Residual materials from the NaOH extraction we re transferred to a 50 mL beaker and oven dried for 24 h. Total P concentrati on present in the residual materi al represented residual P. In addition, we independently determined total P (TP) concentrations in the same samples used for P sequential extractions. Total P for both residual P and independently determined TP were determined by ashing and digesting each of the twenty samples, according to Andersen (1976). For both sequential extraction and TP determinati ons, soluble reactive P (SRP) concentrations in the filtrates were determined using the ascorbic acid me thod (Murphy and Riley, 1962). Difference between independently determined TP and the sum of all P fractions were within 15%. In addition, difference between TP de termined from a standard reference material (Standard reference material 1547, National Ins titute of Standards and Technology) and the certified values agreed within 15%. Chemical Equilibrium Modeling Phosphorus speciation in the wastewater-s oil system was modeled using MINEQL+ chemical equilibrium software, version. 4.5 (E nvironmental Research Software, 2002). The soil pH buffering capacity is expected to be several or ders of magnitude greater than the effluent pH buffering capacity; thus, we used measured soil pH values as the pH for our modeled system. However, we assumed no change in wastewater constituent concentrations (Table 2-1) after contact with soil. The ionic strength was estim ated by the model based on the wastewater constituent concentrations (Table 2-1). Standard QA/QC Protocols Standard curves were individually developed for all chemical analyses. Method blanks, certified standards, 5% matrix spike (accuracy), and 5% of duplicates (precision) of the analyzed set were appropriately used. R ecoveries from spikes and duplicates were within 5% of the 34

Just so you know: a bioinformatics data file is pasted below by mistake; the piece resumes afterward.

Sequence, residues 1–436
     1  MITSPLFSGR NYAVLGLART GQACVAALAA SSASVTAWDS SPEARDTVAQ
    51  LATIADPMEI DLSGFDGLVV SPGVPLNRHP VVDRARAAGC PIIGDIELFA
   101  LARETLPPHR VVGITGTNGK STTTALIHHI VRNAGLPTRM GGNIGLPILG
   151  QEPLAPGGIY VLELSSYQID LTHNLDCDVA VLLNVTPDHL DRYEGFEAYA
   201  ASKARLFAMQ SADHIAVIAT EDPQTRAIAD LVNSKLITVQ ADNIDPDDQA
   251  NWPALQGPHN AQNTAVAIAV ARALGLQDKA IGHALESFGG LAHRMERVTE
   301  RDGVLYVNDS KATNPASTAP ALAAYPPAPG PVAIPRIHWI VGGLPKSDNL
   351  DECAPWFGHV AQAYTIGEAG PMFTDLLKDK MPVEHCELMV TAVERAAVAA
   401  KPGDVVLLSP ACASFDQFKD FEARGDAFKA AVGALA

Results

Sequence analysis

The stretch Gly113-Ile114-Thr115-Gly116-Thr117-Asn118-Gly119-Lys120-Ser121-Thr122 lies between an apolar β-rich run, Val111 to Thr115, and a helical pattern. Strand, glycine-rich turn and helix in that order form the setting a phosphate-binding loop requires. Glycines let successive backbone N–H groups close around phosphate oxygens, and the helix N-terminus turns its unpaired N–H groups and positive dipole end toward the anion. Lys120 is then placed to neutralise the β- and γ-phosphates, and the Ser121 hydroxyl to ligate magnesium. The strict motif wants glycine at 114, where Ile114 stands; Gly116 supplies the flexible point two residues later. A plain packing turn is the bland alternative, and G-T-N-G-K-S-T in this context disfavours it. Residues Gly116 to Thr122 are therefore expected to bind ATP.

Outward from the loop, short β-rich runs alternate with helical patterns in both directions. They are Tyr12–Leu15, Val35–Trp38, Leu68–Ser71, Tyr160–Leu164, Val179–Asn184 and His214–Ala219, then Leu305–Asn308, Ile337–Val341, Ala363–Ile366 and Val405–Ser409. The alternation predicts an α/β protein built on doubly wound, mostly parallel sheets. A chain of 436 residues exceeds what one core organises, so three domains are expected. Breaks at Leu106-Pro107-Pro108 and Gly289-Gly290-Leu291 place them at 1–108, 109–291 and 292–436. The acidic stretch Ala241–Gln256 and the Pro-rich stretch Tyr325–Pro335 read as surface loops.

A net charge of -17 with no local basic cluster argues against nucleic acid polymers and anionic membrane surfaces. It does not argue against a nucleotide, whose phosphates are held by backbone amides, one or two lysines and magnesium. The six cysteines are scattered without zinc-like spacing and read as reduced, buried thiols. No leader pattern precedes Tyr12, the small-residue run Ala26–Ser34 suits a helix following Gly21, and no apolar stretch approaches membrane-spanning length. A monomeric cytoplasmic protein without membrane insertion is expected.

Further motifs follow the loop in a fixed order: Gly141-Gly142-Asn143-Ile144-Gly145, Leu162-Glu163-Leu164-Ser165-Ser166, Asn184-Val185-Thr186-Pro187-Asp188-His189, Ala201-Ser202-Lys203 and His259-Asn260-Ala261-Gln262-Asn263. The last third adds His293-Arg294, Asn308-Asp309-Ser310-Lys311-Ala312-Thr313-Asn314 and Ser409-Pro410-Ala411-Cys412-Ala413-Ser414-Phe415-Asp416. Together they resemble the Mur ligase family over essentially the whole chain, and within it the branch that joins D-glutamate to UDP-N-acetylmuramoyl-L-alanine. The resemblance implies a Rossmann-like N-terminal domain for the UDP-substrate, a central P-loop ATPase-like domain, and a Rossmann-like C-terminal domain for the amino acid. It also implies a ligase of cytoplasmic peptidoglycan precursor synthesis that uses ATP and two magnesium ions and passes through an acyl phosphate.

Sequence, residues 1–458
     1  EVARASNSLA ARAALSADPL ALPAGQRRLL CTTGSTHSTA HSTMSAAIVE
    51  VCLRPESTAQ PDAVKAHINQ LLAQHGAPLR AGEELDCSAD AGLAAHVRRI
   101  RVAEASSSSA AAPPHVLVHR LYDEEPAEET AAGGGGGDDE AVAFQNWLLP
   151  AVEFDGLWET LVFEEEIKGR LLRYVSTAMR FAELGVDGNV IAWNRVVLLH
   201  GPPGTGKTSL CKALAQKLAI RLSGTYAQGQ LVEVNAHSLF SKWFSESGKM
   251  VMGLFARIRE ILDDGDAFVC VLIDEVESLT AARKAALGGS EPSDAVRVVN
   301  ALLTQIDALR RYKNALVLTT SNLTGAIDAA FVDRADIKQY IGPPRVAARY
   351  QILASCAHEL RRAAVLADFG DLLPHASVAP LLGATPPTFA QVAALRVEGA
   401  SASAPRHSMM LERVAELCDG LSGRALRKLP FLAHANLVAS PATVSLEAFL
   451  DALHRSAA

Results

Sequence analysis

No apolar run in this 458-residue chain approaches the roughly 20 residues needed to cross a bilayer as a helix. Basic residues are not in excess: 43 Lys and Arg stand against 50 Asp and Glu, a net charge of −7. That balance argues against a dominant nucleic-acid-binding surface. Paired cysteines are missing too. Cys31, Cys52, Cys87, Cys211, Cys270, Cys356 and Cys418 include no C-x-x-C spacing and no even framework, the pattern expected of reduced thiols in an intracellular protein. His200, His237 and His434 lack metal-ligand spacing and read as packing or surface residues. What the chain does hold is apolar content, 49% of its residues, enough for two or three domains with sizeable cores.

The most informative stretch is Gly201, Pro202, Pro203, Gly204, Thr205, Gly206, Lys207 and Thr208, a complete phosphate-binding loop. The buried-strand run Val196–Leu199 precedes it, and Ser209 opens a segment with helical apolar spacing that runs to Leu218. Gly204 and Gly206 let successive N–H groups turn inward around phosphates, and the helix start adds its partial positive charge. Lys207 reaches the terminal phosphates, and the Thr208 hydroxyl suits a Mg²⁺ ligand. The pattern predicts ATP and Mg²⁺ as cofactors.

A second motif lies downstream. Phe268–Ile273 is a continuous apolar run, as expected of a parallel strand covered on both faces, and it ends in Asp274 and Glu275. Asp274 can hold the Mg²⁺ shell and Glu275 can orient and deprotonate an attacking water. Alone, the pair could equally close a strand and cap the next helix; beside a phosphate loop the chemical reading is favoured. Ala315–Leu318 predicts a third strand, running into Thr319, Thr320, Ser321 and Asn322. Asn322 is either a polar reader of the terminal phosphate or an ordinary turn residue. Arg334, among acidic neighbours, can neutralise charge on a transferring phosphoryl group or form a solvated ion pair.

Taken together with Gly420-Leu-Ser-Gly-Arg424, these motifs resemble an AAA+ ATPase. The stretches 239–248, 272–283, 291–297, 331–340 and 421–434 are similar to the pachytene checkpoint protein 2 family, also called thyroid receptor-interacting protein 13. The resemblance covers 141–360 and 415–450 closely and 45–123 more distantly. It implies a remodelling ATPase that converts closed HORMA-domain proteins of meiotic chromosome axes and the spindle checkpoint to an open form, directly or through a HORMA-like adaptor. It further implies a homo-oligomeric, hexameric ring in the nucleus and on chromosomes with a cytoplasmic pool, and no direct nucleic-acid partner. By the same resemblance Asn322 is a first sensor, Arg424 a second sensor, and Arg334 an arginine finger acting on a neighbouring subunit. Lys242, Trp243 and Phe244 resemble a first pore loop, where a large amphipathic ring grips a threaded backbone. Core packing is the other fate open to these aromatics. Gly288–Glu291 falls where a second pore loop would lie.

PAGE 35